9/13/04

I. Definitions

Total Porosity

where Vv is the volume of voids (pores), VT is the total (bulk) volume, and VS is the volume of the solids. Note that porosity is a dimensionless quantity.

Void Ratio (commonly used in engineering) (also dimensionless)

Exercise to do: express the void ratio as a function of total porosity.

Another definition of porosity as a function of dry bulk density and solids density

Solids densities of some common (and less common) mineral groups (in g/cm3)

quartz and feldspars 2.6-2.7

calcite and dolomite 2.7-2.8

amphiboles and pyroxenes 2.9-3.9

galena 7.6

copper 9

gold 19.3

Another exericse: show that

Wet bulk density

Note that the density of water is 1 g/cm3 or 1 g/ml.

Final exercise: derive an equation for total porosity as a function of wet bulk density and dry bulk density.

II. Factors affecting porosity of unconsolidated materials.

Note that Table 3.1 in S&Z suggests that porosity increases with decreasing grain size. But size alone cannot explain this (as was illustrated by cubes filled with different size marbles).

A. Packing - see figure 3.2 in S&Z (theoretical values for cubic packing of spheres is about 48%, for hexagonal closest packing about 26%).

B. Sorting - well sorted (or poorly graded) sediments tend to have higher porosity than poorly sorted (well grades) sediment because with a range of grain sizes the small grains can fill pores.

C. Shape - platy clasts such as clays can form highly porous "house-of-cards" type deposits, although these can be rearranged and compacted during burial or dewatering. Angularity of larger clasts can also affect packing and porosity.

III. Precision, Accuracy and Significant Digits (information that you will need for labs and problems this semester)

Precision of measurements depends on the resolution of the measuring tool (smallest increment that can be read on a ruler, smallest unit of mass on a scale, etc.)

Accuracy refers to how well the measured value approximates the true value, and depends on calibration of the measuring instrument.

A measurement may be precise but inaccurate, or accurate but not very precise. (Of course we would like our measurements to be both accurate and precise.) Measurement error, uncertainties associated with assumptions, and round-offs during calculations can also affect the precision and accuracy of a result.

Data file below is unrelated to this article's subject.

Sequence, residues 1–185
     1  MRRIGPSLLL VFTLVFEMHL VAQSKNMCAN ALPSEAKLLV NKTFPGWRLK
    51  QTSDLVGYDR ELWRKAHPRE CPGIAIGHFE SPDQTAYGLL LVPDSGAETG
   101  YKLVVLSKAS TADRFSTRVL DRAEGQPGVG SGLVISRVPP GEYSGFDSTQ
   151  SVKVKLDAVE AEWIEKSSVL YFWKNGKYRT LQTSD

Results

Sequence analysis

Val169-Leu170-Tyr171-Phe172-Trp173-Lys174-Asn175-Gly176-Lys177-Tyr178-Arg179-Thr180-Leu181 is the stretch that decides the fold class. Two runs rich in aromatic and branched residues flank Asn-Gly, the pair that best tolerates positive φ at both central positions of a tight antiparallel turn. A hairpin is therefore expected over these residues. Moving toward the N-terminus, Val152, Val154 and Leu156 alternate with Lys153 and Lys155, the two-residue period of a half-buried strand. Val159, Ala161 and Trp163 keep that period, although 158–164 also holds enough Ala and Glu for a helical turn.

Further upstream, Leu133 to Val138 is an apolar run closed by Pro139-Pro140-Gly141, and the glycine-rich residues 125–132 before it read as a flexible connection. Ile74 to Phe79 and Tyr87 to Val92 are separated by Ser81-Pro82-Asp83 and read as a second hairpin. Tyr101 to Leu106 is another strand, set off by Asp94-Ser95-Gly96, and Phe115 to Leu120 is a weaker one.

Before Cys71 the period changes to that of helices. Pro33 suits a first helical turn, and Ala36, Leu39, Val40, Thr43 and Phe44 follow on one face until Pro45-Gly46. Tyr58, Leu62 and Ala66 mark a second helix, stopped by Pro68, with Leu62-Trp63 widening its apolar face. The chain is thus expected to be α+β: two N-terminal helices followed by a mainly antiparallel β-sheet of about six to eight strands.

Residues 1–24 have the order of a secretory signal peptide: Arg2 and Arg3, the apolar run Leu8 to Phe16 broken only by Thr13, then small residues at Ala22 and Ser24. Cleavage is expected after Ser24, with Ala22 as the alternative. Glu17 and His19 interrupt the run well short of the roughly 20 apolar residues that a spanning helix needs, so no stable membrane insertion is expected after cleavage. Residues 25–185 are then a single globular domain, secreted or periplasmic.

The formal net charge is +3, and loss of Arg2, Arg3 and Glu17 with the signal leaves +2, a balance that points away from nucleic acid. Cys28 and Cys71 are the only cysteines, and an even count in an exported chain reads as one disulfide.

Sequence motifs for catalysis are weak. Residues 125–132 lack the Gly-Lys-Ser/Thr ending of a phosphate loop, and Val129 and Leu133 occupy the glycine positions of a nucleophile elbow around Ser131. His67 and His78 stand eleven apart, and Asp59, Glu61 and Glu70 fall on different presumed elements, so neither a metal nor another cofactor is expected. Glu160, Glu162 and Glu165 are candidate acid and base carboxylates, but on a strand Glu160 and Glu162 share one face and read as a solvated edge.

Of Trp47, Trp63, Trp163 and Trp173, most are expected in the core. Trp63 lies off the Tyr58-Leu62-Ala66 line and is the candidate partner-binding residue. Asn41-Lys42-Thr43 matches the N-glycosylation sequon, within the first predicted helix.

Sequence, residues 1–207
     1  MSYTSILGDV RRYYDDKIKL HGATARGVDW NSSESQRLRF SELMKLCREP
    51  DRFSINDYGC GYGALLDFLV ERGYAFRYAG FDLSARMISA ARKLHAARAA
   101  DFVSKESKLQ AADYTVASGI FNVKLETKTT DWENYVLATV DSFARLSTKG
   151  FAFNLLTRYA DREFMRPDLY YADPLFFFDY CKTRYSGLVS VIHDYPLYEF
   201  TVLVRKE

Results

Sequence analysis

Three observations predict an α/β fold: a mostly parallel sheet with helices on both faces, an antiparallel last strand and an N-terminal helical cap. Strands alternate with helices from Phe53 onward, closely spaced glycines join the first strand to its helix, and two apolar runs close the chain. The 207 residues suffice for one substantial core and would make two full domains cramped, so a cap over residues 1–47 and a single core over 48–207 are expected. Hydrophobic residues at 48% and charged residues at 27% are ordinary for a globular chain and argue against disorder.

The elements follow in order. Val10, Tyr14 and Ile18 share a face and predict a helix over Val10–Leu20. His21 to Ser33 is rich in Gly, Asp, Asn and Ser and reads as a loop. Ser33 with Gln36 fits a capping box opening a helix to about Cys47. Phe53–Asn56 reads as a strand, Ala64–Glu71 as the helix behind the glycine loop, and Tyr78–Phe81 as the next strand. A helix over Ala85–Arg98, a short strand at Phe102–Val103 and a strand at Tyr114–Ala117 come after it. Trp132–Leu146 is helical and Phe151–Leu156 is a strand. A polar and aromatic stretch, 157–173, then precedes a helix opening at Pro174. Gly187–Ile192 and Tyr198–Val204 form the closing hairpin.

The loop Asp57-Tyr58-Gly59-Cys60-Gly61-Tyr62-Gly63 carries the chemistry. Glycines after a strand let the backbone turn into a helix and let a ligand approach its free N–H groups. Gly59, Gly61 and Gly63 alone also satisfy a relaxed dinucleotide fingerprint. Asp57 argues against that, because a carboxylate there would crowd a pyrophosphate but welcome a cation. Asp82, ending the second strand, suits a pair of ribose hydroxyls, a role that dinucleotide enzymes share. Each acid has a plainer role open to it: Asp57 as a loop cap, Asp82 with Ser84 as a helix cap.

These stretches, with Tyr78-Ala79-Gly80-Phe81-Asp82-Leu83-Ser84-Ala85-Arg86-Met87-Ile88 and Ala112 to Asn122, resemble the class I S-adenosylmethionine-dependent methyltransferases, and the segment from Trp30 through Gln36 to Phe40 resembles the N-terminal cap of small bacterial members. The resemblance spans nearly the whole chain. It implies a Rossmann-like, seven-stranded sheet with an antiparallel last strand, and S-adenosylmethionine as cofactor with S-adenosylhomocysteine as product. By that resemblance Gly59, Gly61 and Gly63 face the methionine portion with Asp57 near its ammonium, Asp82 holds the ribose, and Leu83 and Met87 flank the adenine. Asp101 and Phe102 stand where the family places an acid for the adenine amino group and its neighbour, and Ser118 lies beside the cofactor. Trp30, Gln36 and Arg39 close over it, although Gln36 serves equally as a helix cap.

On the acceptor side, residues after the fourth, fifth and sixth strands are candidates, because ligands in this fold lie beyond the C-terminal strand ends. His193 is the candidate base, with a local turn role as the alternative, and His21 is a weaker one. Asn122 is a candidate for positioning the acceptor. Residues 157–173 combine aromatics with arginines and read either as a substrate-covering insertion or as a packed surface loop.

When making a series of calculations and expressing results to the correct number of significant digits (essentially an issue of "precision") there are three basic rules.

1. For addition or subtraction, the result should be rounded to the decimal unit of the number that terminates with a significant digit farthest to the left (largest value). For example, adding 1.15 (significant to the .01 position) to 100 (significant to the 1 position), the answer should be rounded to 101, not 101.15.

2. For multiplication or division, the result should be rounded to include only number of the significant digits in the measured value with the least signficant digits. For example, multiplying 100 (3 sig. dig assuming significant to the 1 position) by 1.1 (2 sig dig assuming significant to the 0.1 position), the answer should be expressed as 1.1 x 10^2 (indicating 2 signficant digits).

3. Carry all digits through multistep calculations and round at the end of the process to avoid introducing additional round-off errors.

IV. Pores in rocks (illustrated by slides, see also Fig. 3.1 in S&Z and Table 3.1

Primary and Secondary Porosity

Primary porosity (as defined in class) results from the intial processes that deposited sediments or formed rocks from liquid magma. Primary porosity can be reduced by cementation, compaction.

Secondary porosity (e.g. fractures,dissolution features) results from processes that occurred after the rocks formed.

1. Pores and fractures in "sandstone" (actually also includes other sedimentary rocks too).

This contain both primary and secondary porosity. Permeability may be due to either primary or secondary pore network, or both. Fracturing may be more intense in folded sedimentary rocks.

2. Solution openings in carbonate (and sometimes evaporite) rocks. Solution openings create high permeability.

3. Fractures and other openings in basalt. These include cooling cracks, vesicles and lava tubes. All these are considered primary porosity and can create high permeability.

4. Fractures in crystalline igneous and metamorphic rocks. These rocks have virtually no primary porosity and are generally of low permeability.

V. Effective porosity - refers to the interconnected pore space. Table 3.2 of S&Z indicates that this can be much lower than total porosity.